Time is such a strange thing – maybe even an illusion according to some. I do know everyone these days is complaining they don’t have enough of it. I don’t remember my parents or grandparents having the same complaint.
So what are we modern day folks so busy doing that we never have enough time? And are we being really smart about how we use this commodity that’s so precious and in such short supply? I suspect we aren’t. I know I’m not.
I came across something in a file today, and I thought I would share it with you. I have no idea who the author is. Good old Anonymous I suppose. A prolific writer for sure.
This time he’s written something that might be a tad hokey for our modern day sophistication. But the message is an important one, and we have a tendency to forget it. That can be nothing short of disastrous sometimes.
“Imagine there is a bank that credits your account each morning with $86,400. It carries over no balance from day to day. Every evening the bank deletes whatever part of the balance you failed to use during the day. What would you do? Draw out every cent of course!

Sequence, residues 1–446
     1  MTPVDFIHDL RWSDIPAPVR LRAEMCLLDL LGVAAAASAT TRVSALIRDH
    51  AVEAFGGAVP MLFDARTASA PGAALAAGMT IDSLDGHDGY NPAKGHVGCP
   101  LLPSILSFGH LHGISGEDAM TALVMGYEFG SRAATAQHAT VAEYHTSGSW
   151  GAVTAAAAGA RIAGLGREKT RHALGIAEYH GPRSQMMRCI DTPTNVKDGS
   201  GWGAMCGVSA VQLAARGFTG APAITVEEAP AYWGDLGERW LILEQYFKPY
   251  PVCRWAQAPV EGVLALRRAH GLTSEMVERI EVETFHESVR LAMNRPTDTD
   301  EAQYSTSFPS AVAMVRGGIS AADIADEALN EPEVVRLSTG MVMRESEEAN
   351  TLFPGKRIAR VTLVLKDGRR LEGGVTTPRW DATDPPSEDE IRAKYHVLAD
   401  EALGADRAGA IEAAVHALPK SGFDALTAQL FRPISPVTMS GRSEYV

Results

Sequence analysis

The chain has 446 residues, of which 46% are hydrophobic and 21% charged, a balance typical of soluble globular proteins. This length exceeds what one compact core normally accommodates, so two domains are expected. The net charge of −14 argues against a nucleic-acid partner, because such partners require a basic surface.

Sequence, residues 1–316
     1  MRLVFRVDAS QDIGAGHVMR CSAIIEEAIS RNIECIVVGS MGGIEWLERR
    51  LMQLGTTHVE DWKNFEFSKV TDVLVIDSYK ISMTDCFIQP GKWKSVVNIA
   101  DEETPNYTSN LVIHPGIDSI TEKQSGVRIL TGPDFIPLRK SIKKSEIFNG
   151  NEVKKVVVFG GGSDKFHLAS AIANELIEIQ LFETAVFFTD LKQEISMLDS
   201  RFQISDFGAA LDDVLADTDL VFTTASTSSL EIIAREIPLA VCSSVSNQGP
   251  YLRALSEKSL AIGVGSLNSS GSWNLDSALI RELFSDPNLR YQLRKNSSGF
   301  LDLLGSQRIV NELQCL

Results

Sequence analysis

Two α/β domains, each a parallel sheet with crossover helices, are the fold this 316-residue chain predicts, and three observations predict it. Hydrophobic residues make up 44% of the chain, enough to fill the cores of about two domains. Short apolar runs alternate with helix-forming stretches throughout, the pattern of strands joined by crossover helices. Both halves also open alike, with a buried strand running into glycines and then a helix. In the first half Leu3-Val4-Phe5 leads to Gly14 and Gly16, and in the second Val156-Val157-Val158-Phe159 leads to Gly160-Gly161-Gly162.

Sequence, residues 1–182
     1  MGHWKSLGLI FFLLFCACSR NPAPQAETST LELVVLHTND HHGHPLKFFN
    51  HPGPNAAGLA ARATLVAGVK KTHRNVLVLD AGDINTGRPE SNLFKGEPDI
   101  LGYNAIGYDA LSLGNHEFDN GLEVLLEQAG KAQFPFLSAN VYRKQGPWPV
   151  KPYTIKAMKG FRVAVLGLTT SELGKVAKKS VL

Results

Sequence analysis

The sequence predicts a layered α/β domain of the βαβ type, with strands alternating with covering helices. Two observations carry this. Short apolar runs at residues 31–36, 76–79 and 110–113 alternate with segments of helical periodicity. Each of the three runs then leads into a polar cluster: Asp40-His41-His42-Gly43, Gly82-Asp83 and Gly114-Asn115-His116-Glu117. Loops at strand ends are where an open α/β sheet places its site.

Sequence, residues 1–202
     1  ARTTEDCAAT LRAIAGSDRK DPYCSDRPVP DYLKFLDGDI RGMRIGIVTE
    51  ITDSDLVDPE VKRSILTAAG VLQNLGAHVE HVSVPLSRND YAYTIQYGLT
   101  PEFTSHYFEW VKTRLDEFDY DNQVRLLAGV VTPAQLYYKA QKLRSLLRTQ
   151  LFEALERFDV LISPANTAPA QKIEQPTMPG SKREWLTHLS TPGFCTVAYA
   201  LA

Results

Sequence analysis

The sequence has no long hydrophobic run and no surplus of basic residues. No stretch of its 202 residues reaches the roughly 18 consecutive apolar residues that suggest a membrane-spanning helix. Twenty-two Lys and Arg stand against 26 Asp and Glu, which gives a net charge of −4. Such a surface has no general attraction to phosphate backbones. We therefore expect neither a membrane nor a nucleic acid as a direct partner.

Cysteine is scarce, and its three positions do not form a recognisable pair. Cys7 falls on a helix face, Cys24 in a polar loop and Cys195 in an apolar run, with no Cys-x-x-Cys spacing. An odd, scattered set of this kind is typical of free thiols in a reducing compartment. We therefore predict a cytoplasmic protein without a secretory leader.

“Each of us has such a bank. Its name is time. Every morning, it credits you with 86,400 seconds. Every night, it writes off as lost whatever of this you have failed to invest to good purpose. It carries over no balance. It allows no overdraft.
“Each day it opens a new account for you. Each night it burns the remains of the day. If you fail to use the day’s deposits, the loss is yours. There is no going back. There is no drawing against tomorrow. You must live in the present on today’s deposits. Invest it so as to get from it the utmost in health, happiness, and success. The clock is running. Make the most of today.
“To realize the value of one year, ask a student who failed a grade.
To realize the value of one month, ask a mother who gave birth to a premature baby.
To realize the value of one week, ask the editor of a weekly newspaper.
To realize the value of one hour, ask the lovers who are waiting to meet.
To realize the value of one minute, ask a person who missed the train.
To realize the value of one second, ask a person who just avoided an accident.
“Treasure every moment that you have.
Remember that time waits for no one.
Yesterday is history.
Tomorrow is a mystery.
Today is a gift. That’s why it’s called the present.”
How are you using your precious gift of time?